. the important foreign-policy issue of benghazi. it was something we were talking about a month ago, but it faded into the background. everybody will be watching tomorrow. it is a big deal to have the secretary of state come in. everyone wants to hear what she has to say about this. she becomes less of a focus because she's leaving, some say. but it will be really important hearing. the group publicans' want a special committee formed to investigate the because the issue, but they did not get that. all we will crb hearings where we get a picture of it from people who were heading the operation. so her parents will be very big tomorrow. guest: more broadly, on national security, we will enter the beginning of confirmation hearings for john kerry as secretary of state, chuck hagel as secretary of defense. consideration of our military strategy, our military spending, how we project american power as we complete a winding down of the war in afghanistan. it is really going to be the end of a post-9/11 period in national security policy, with the policy going for it from there still unsettled. guest:
controlling sometimes in how they methods foreign policy, but secretary clinton never stepped on anybody's toes. she always left it to the president to take the lead on things. so i think that was a sign that she was a team player. i find, charlie, more people from both parties today saying that they thought she did a good job, and that she showed that she has real depth. then you would have found four years ago. >> rose: clearly it enhanced her reputation. >> i think so. >> rose: when you look forward to the service of john kerry, assuming what most people believe the obvious confirmation because he's of the senate himself, will he be a different secretary of state? >> would expect, charlie, that you'll see a little bit more of the back-channel negotiating style that we associate with a kissinger or jim bake frer senator kerry. he thinks that we need a period of quiet can diplomacy to explore options, to see if there's some way to negotiate some kind of deal over the nuclear issue with iran, to explore some way with russia to get a negotiated political transition in syria. and i think h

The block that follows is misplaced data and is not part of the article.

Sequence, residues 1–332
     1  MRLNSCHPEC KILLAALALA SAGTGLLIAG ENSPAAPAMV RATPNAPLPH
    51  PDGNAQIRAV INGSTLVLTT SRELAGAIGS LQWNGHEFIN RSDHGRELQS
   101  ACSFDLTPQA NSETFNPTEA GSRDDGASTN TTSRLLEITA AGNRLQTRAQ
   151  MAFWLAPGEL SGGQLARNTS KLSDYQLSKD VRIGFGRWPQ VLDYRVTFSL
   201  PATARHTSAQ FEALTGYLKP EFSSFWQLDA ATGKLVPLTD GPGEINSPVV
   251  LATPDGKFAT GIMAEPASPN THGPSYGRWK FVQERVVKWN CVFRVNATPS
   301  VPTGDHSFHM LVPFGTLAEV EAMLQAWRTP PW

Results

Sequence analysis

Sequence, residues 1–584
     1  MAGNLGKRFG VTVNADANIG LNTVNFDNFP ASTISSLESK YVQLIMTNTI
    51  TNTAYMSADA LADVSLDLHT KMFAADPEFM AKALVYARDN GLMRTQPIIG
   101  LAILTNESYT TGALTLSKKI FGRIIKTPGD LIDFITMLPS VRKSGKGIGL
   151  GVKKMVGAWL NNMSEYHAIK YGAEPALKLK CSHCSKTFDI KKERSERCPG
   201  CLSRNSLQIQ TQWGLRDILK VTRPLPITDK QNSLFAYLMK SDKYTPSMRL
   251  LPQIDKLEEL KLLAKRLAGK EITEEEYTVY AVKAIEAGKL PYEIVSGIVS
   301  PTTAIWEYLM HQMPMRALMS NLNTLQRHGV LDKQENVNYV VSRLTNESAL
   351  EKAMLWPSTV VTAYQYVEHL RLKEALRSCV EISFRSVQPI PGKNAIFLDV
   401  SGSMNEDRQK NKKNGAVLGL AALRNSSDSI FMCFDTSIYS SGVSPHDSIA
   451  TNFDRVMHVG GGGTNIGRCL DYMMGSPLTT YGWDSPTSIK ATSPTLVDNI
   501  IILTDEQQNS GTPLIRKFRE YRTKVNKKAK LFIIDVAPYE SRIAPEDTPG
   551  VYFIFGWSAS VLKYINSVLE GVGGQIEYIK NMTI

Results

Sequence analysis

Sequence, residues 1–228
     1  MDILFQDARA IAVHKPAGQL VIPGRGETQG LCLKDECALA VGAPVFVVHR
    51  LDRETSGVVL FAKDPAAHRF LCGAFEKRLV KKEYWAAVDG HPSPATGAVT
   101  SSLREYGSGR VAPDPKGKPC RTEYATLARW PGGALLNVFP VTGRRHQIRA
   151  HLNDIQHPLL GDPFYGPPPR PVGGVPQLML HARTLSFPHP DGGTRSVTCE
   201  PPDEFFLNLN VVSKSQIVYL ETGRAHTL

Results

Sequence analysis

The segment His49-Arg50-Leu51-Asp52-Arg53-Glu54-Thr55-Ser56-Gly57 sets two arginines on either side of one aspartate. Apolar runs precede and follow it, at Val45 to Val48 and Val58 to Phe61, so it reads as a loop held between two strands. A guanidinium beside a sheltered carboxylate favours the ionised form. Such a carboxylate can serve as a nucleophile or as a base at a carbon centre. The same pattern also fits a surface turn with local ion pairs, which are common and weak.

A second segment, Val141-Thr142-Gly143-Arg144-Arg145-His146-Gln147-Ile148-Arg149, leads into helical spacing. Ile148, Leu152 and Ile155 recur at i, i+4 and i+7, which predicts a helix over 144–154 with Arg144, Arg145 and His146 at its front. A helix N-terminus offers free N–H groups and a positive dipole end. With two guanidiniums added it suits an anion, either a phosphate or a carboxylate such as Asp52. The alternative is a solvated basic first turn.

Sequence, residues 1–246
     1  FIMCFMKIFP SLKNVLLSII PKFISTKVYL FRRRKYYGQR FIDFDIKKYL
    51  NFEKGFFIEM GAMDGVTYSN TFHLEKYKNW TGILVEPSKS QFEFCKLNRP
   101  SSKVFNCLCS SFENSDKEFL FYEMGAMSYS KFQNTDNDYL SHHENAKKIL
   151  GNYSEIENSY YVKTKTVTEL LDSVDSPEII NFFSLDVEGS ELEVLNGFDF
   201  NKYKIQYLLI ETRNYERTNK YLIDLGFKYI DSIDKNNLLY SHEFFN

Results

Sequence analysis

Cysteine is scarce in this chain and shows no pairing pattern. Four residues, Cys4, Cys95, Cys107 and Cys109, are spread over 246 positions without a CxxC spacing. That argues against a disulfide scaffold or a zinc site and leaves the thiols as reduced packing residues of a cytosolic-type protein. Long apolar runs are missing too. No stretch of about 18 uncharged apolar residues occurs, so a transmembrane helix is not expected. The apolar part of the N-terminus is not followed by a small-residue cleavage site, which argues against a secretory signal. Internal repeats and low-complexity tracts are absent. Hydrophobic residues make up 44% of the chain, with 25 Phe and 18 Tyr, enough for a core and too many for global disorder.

Search Results 0 to 25 of about 26 (some duplicates have been removed)